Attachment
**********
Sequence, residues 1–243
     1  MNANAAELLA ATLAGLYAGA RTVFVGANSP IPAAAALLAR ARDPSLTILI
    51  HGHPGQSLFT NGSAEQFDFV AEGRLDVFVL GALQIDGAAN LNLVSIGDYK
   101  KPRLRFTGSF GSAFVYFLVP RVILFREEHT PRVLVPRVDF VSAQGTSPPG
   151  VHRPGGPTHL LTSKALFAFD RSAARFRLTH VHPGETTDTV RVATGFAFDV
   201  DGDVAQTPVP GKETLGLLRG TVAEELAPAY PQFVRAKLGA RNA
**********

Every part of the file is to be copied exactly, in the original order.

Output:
Sequence, residues 1–243
     1  MNANAAELLA ATLAGLYAGA RTVFVGANSP IPAAAALLAR ARDPSLTILI
    51  HGHPGQSLFT NGSAEQFDFV AEGRLDVFVL GALQIDGAAN LNLVSIGDYK
   101  KPRLRFTGSF GSAFVYFLVP RVILFREEHT PRVLVPRVDF VSAQGTSPPG
   151  VHRPGGPTHL LTSKALFAFD RSAARFRLTH VHPGETTDTV RVATGFAFDV
   201  DGDVAQTPVP GKETLGLLRG TVAEELAPAY PQFVRAKLGA RNA